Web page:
Yahoo to tell shareholders it doubts Microsoft intended a real merger
Microsoft's history of business transactions during its attempt to acquire and merge with Yahoo, a presentation to Yahoo shareholders will argue, imply that its business goals may have been to weaken Yahoo rather than strengthen it.
Slides from a Yahoo presentation to shareholders that will likely be given during its shareholders meeting on August 1 in San Jose, submitted in advance to the US Securities and Exchange Commission in accordance with law, will make the case that the company's board of directors doubt Microsoft had any serious intention to fully acquire and merge with Yahoo.
One slide's bullet points allege that after Microsoft made public its original $31-per-share tender offer on February 1, it actually was unresponsive to Yahoo's repeated requests for negotiation. Meanwhile, Microsoft publicly threatened to pull out of negotiations unless it got a response of some sort from Yahoo -- this while Yahoo was making, it says, diligent attempts to do just that.
Microsoft "only orally indicated [a] possible increase in price after several months of discussions," the slide alleges. It then raised its offer by "'a few' more dollars" (note the quotation marks around "a few," as if to cite Microsoft's language), followed by "'a couple' more dollars per share;" and then publicly suggested it would raise its offer after it actually had already done so -- if you accept "a few" or "a couple" as an official raise. Then, the slide says, Microsoft withdrew that offer, replacing it with a "hybrid" transaction where it purchased Yahoo's search business outright. A boldface caption on the slide reads, "The record casts doubt on whether Microsoft was ever committed to a whole company acquisition."
A later slide makes the case that Microsoft was incapable of doing the math with respect to its proposed hybrid deal, which was touted as a prospective buyout of Yahoo's search business. Yahoo's interpretation of Microsoft's proposed terms would suggest it was something less than that.
According to the slideshow handed over to the SEC, Microsoft offered to pay $1 billion to enter into a search partnership, in which it assumed control of "search assets." This was apparently confusing to Yahoo, which had already implemented a complex technological reorganization through its Panama program, commercially called AMP, in which merged its display advertising platform with its search platform. For Yahoo, search and display are now the same asset; Microsoft insisted the two were separate, according to Yahoo.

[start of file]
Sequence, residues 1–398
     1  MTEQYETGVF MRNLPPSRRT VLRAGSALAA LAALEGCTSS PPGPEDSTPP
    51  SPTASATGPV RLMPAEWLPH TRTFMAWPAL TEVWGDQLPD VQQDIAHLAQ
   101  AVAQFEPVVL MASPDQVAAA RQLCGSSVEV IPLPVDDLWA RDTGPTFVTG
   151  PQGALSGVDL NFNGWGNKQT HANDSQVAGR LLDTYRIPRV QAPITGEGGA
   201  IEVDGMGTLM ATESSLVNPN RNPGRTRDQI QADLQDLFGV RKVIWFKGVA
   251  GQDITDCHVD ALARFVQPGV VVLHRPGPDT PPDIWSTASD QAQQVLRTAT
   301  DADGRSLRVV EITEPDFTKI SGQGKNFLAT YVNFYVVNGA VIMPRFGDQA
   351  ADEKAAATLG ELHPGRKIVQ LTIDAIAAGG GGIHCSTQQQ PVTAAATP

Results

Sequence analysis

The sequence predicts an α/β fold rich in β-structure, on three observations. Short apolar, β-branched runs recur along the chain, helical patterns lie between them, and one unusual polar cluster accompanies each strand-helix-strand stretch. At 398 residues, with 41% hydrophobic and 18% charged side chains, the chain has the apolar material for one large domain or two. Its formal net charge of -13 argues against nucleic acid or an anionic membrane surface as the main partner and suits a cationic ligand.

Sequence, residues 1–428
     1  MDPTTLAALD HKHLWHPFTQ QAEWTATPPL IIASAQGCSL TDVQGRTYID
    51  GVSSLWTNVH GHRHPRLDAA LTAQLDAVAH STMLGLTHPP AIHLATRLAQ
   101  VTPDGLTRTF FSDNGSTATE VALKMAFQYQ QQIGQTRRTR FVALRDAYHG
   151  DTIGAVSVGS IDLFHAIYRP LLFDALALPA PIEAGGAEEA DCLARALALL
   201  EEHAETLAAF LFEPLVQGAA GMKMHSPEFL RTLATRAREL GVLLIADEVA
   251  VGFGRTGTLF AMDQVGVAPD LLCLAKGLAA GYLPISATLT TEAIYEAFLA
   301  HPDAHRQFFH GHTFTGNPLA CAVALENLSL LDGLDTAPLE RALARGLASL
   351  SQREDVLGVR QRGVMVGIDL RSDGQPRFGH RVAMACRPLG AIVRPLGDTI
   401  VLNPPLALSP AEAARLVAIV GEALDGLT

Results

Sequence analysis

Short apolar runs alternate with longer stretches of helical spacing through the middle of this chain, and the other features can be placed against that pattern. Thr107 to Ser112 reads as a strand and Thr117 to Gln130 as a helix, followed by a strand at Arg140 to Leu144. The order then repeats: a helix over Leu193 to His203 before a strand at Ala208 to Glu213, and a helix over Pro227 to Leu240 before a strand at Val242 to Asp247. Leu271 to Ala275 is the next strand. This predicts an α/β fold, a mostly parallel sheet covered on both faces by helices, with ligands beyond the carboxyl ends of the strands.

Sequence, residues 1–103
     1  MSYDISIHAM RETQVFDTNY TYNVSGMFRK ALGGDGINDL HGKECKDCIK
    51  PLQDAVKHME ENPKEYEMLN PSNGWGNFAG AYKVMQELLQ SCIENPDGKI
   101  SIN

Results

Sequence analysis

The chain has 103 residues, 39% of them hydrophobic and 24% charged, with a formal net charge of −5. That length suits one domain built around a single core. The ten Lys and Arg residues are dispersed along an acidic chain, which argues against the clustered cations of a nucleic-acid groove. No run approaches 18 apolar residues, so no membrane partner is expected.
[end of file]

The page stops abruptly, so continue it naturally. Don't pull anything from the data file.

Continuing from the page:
"Yahoo would be left without any search assets," the slide explains. "Not owning search assets (including algorithmic search) would jeopardize the Yahoo user experience and make it difficult for Yahoo to maintain search and display volume."
As Yahoo goes on, the two companies would have entered into a ten-year contract, during which Microsoft would agree to pay 70% of the traffic acquisition costs (TAC) for the search platform -- the cost of doing business. Microsoft would calculate TAC, Yahoo says, by assessing net revenue of traffic delivered by Yahoo search to Microsoft's content and advertising.
But that meant Yahoo would have been responsible for 30% of TAC, and its financial team estimated -- also according to the slideshow -- that this expenditure would have completely usurped any cost savings Yahoo could have realized under Microsoft's plan, assuming Microsoft was completely in charge of creating and implementing that plan. Yahoo estimated those savings to be $750 million annually; Microsoft had projected them at $800 million.
Microsoft offered, the presentation continued, to pay 125% of the price-per-click (PPC) that Yahoo normally receives managing search advertising on its own. But that guarantee lasted for only three years, Yahoo complained, not for the full ten-year term of the agreement. Plus, Microsoft's offer was not based on a more modern revenue-per-click (RPC) model; thus, Yahoo argued, it would have been totally dependent "on Microsoft's ability to build and maintain the marketplace" -- a level of trust it wasn't willing to extend.
Interestingly, one of the terms of the deal was that Microsoft would have veto power over any change of control of Yahoo, preventing anyone else from acquiring control of the company -- theoretically including Icahn Partners, which is leading the current alternate proxy campaign.
A later series of slides attempt to make the case for why Yahoo's text ad partnership with Google was a better deal overall. It shows what it describes as a mockup of Yahoo's search page prior to the addition of Google's sponsored search listings, and the same page after. They are exactly the same screenshot, only the markup is different, apparently to illustrate that the Yahoo user would see no visible difference.
The Google deal is superior to the Microsoft deal, Yahoo goes on to argue, because it leaves Yahoo in full control of its search business, with the ability to maintain control over its user experience and query volume, and cedes no control of its board.